Having been influenced by the idea of TDD (even though I have never done it before) and the idea of “respecting levels of abstraction”, (and the Clean Code book of course), in my recent tasks at work, because we do not have tests, I just make myself imagine that the UI layer (the Presenters, Controllers, etc.) contains the tests.
Only last year did I become aware of the importance of the SOLID (or SDOLI) Principles. I heard about these principles many years ago when I was just beginning my career as a software developer but I did not give much time understanding them. I concentrated instead on learning about frameworks and technologies which Uncle Bob calls “the details” instead of the center of our application.
About a month ago, I started to look for the next book to buy. I was considering books on TDD, OOP, or Architecture; and something that can help me do unit testing because I’m planning to introduce it to the current project I am working on.
A few days ago, he posted something on facebook about induction. There are two people who asked questions about it and Dr. Lisle answered them.
I’m interested about discussions like that so I’m going to put that discussion here in my blog so that it will not be lost on facebook. We seldom see discussions like this so I believe it is very important for them not to be lost.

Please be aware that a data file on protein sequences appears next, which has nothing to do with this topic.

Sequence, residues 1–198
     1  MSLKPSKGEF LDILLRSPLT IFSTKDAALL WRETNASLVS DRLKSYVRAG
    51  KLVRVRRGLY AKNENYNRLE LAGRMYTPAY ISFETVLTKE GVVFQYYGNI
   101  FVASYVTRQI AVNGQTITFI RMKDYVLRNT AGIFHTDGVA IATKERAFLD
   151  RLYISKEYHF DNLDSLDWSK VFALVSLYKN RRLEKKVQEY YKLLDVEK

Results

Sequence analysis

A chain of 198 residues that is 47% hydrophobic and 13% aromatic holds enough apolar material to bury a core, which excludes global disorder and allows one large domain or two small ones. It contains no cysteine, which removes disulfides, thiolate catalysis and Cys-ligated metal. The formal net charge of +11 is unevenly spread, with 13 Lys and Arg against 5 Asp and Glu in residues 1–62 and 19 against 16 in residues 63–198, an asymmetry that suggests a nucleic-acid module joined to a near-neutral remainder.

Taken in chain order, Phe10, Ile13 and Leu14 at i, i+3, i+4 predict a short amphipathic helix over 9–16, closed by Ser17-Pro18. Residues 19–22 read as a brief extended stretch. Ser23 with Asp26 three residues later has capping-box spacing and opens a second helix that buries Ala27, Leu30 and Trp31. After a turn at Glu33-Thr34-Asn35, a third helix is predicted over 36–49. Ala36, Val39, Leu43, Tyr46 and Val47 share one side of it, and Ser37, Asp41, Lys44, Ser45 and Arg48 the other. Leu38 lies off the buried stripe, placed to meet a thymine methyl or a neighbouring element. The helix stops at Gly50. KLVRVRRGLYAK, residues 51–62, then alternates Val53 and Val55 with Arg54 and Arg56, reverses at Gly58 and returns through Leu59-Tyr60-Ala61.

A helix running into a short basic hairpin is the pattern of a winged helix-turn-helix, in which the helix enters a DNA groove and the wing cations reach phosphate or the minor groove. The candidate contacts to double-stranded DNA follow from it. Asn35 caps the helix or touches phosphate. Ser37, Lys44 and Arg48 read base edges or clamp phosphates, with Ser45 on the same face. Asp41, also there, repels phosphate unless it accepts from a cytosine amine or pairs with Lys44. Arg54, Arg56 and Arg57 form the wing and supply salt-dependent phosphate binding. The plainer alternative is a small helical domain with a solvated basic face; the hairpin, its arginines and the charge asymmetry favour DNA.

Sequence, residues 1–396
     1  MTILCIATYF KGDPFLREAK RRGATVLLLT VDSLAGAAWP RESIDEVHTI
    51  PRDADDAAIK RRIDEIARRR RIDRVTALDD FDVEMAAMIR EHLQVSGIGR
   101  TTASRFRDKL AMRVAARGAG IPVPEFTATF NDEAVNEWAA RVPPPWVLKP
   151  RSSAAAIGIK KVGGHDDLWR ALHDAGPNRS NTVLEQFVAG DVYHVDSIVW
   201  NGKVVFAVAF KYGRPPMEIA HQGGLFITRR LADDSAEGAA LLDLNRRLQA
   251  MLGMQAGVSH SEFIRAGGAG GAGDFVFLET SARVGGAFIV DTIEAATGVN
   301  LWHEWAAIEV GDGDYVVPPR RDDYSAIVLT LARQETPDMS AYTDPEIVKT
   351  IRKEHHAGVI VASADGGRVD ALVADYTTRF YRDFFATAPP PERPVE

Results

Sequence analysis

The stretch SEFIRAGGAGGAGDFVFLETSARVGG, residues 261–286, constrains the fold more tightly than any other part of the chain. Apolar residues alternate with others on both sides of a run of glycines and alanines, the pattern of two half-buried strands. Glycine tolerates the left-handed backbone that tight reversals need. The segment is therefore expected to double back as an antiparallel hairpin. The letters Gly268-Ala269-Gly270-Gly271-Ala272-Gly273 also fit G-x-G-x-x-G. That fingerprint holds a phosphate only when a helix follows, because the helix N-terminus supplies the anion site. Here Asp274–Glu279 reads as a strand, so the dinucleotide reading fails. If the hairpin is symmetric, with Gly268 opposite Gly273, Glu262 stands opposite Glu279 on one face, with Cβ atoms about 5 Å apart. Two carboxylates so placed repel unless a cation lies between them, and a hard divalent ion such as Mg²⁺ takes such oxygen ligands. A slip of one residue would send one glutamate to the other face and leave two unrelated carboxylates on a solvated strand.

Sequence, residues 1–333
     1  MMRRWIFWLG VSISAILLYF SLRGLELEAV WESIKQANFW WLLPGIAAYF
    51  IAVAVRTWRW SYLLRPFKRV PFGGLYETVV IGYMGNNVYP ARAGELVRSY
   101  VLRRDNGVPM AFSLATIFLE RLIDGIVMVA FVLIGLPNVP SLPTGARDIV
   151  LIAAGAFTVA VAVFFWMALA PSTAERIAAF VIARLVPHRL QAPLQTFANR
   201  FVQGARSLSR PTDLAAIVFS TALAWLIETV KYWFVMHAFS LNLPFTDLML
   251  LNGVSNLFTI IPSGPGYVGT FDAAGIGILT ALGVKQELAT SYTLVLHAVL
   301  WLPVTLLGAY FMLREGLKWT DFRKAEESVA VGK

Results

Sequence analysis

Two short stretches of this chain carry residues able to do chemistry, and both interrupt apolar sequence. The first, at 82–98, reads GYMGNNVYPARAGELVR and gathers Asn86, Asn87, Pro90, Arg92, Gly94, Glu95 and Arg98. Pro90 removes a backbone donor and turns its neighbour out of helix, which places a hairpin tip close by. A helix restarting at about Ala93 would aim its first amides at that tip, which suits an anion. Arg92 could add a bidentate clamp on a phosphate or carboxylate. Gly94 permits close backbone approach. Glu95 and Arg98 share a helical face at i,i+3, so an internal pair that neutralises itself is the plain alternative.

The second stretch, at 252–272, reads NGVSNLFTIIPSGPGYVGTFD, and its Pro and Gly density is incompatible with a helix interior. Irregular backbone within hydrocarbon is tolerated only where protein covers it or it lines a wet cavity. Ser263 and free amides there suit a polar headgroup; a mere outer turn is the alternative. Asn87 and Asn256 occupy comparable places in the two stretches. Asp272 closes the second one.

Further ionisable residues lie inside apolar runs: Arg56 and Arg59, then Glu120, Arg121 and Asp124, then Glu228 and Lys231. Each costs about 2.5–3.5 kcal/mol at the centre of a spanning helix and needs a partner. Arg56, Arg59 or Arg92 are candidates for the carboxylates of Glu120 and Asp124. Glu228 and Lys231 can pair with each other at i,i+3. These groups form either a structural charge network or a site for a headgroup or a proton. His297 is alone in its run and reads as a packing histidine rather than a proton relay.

Also, I’m not claiming that I understand everything in that discussion but I’m putting them here so that I/you can easily refer to it someday when I/we are already well equipped to understand them.
Robert Martin is talking about some important history of software development here; why we are where we are today.
I disagree with his conclusion in the introduction part – the years the first man and the first woman appeared – because I have a different bias than Uncle Bob Martin when it comes to the history of the human race (take note that all of us have some biases that influence the conclusions that we make)…
…but I really like listening to Bob Martin’s talks on software development